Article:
In this issue: CBD oil now legal in Ohio • Can we do that? • New state auditor bulletin and Sunshine LawsAre you correctly applying FMLA? • Board meeting agendasSample policies included with this issue

CBD oil now legal in Ohio

by Kyle E. Lathwell, policy consultant

On July 30, Gov. Mike DeWine signed Senate Bill (SB) 57 into law, decriminalizing hemp and hemp products and creating licensure programs for those wanting to cultivate or process hemp products. The bill included an emergency provision, making it effective immediately, which means it needs to be on the radar for school districts. This is particularly true for cannabidiol (CBD) oil, a hemp derivative. Districts may see a rise in students possessing or requesting the administration of CBD oil.

While Ohio did not alter its laws to align with federal regulations after the 2018 U.S. Farm Bill passed — which removed hemp from the definition of marijuana in the Controlled Substances Act — SB 57 brings the state in line with federal law. Many people associate products like CBD oil with marijuana, but SB 57 explicitly excludes hemp and hemp products from the definition of marijuana used to enforce laws governing controlled substances.

Hemp and marijuana both come from the cannabis plant, but hemp has a much lower concentration of delta-9 tetrahydrocannabinol (THC), the psychoactive part of cannabis. SB 57 defines hemp as “the plant Cannabis sativa L. and any part of that plant, including the seeds thereof and all derivatives, extracts, cannabinoids, isomers, acids, salts and salts of isomers, whether growing or not, with a delta-9 tetrahydrocannabinol concentration of not more than 0.3% on a dry weight basis.”

Hemp products are defined as any product of not more than 0.3% THC that is made with hemp and includes “cosmetics, personal care products, dietary supplements or food intended for animal or human consumption, cloth, cordage, fiber, fuel, paint, paper, particleboard and any other product containing one or more cannabinoids derived from hemp, including cannabidiol.”

CBD products are subject to the same laws and requirements as U.S. Food and Drug Administration (FDA)-regulated products that contain any other substance.

FDA has approved only one prescription medication containing CBD, Epidiolex (CBD) oral solution, for the treatment of seizures associated with two rare and severe forms of epilepsy. It is the first FDA-approved drug that contains a purified drug substance derived from marijuana. FDA has not approved any other CBD products, and there is limited information available about CBD, including its effects on the body, how it could interact with other drugs or foods and what would constitute a proper dose.

FDA has issued warnings to consumers about the inaccurate content of various CBD oil products, stating “many were found to not contain the levels of CBD they claimed to contain.” There also have been reports of CBD potentially containing contaminants, like pesticides. FDA’s position leaves CBD oil, and its appropriate uses, in a gray area.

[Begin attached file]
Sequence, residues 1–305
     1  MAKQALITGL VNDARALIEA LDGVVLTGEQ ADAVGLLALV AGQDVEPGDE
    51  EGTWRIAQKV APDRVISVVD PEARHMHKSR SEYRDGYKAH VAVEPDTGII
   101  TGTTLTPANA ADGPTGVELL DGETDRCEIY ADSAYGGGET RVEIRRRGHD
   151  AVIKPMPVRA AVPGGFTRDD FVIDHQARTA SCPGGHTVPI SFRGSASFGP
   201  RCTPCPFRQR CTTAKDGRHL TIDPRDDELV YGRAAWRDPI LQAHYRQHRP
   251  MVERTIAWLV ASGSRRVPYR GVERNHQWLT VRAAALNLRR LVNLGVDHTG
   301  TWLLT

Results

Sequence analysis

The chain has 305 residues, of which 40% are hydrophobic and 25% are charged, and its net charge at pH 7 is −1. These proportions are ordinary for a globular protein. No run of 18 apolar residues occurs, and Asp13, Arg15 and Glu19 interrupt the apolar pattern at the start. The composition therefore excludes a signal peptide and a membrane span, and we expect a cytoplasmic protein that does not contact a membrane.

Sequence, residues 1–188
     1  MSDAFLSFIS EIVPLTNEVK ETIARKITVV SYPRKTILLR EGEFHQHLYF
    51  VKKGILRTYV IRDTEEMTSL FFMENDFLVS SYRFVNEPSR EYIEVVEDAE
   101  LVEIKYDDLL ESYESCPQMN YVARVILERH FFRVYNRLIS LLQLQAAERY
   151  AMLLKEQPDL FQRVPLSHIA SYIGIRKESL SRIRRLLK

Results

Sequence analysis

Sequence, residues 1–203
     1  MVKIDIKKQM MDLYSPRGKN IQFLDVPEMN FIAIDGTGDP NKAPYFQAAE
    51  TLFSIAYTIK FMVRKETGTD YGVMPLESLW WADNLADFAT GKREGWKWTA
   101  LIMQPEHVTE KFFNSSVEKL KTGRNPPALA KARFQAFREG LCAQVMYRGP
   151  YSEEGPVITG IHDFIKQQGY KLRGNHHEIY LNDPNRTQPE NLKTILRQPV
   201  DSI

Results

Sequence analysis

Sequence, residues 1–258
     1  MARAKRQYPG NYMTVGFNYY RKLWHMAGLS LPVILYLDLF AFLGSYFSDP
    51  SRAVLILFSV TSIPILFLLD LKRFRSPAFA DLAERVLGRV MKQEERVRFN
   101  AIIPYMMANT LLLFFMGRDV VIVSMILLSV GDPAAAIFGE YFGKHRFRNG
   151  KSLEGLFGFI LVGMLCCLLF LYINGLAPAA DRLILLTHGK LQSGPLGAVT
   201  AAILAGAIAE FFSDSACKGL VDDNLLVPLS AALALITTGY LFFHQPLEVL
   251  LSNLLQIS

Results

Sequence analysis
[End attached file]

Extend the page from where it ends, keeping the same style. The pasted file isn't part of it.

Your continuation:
Despite this, many believe CBD oil is a legitimate homeopathic alternative to traditional medications used for pain, anxiety and other medical concerns. As a result, districts may see an increase in requests to possess and/or administer CBD oil in schools.

Policy implications
What does this mean for school districts? First, keep in mind that possessing CBD oil that does not have a THC level exceeding 0.3% is not illegal under Ohio law, but the legal landscape at the federal level is less clear. It also is very difficult to accurately ascertain the level of THC in CBD oil. As such, if you have requests for administering CBD oil in your district, you should contact legal counsel for advice.

Further, while a board policy on the possession or administration of CBD oil is not required, if you are planning to develop a district-level policy or procedures related to this topic, we recommend working with legal counsel to ensure it is legally compliant and applied consistently.

If you happen to have an instance in which a student has a prescription for the FDA-approved medication, Epidiolex, the district should follow the directives of its administration of medication policy.

Policy JHCD, Administering Medicines to Students, and regulation JHCD-R-1, Administering Medicines to Students, would be applicable if a student has a prescription for Epidiolex. However, the policies do not require any updates as a result of SB 57. 

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Can we do that?

by Kenna S. Haycox, senior policy consultant

In this PDQ issue, we answer some questions districts periodically send us related to whether certain policies or policy changes are allowable.

Open enrollment
All boards of education must adopt two different types of open enrollment policies:

• Intradistrict — allows students to enroll in a school building in the same school district other than the one that the student is assigned by the superintendent (Ohio Revised Code (RC) 3313.97 and Ohio Administrative Code (OAC) 3301-48-01).

• Interdistrict — permits a student to enroll in a district other than the student’s home district (RC 3313.98 and OAC 3301-48-02). A district may choose to allow students from any district in the state, adjacent districts or not allow for open enrollment.